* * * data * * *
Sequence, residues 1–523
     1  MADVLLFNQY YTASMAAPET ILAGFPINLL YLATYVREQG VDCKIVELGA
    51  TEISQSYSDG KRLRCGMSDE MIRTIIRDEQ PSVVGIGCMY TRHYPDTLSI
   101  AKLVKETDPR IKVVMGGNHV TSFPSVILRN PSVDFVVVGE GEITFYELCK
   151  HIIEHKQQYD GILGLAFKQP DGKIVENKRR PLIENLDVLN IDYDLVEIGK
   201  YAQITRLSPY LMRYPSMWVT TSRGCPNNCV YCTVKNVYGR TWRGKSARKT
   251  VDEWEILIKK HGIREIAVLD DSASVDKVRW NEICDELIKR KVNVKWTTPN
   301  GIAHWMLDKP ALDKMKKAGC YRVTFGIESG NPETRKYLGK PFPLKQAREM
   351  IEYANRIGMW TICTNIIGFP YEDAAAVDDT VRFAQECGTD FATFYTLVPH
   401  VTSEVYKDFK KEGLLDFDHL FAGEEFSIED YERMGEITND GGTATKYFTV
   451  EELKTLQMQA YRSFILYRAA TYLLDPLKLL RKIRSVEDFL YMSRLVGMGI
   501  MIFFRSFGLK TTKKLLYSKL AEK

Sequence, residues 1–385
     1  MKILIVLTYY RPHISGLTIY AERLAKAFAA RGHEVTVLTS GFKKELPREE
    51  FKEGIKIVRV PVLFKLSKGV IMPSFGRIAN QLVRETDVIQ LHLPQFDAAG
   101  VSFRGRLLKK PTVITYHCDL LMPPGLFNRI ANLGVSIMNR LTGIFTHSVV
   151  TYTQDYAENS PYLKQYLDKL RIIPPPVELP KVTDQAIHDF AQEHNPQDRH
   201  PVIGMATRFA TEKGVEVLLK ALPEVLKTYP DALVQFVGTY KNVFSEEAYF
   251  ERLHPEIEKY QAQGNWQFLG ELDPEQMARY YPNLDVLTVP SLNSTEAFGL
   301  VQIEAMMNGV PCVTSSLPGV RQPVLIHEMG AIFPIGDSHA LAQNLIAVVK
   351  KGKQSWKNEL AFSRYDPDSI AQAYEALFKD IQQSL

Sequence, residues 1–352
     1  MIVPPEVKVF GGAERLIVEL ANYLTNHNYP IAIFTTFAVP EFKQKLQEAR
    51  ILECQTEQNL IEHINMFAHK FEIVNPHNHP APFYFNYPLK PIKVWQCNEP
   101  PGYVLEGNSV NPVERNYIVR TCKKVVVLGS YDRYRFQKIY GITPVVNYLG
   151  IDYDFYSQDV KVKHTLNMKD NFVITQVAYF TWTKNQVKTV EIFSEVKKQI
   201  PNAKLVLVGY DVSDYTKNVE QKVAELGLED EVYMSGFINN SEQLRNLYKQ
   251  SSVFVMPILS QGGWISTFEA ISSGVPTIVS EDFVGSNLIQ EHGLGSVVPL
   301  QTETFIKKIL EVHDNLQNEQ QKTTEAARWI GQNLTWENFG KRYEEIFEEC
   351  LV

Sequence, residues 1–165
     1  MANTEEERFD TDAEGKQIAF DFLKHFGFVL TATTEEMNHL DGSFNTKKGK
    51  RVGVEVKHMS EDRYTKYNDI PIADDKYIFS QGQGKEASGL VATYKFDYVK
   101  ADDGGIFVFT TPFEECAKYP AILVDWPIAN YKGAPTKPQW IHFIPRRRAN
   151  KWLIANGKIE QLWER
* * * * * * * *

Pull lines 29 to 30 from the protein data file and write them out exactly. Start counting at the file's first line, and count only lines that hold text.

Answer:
   301  QTETFIKKIL EVHDNLQNEQ QKTTEAARWI GQNLTWENFG KRYEEIFEEC
   351  LV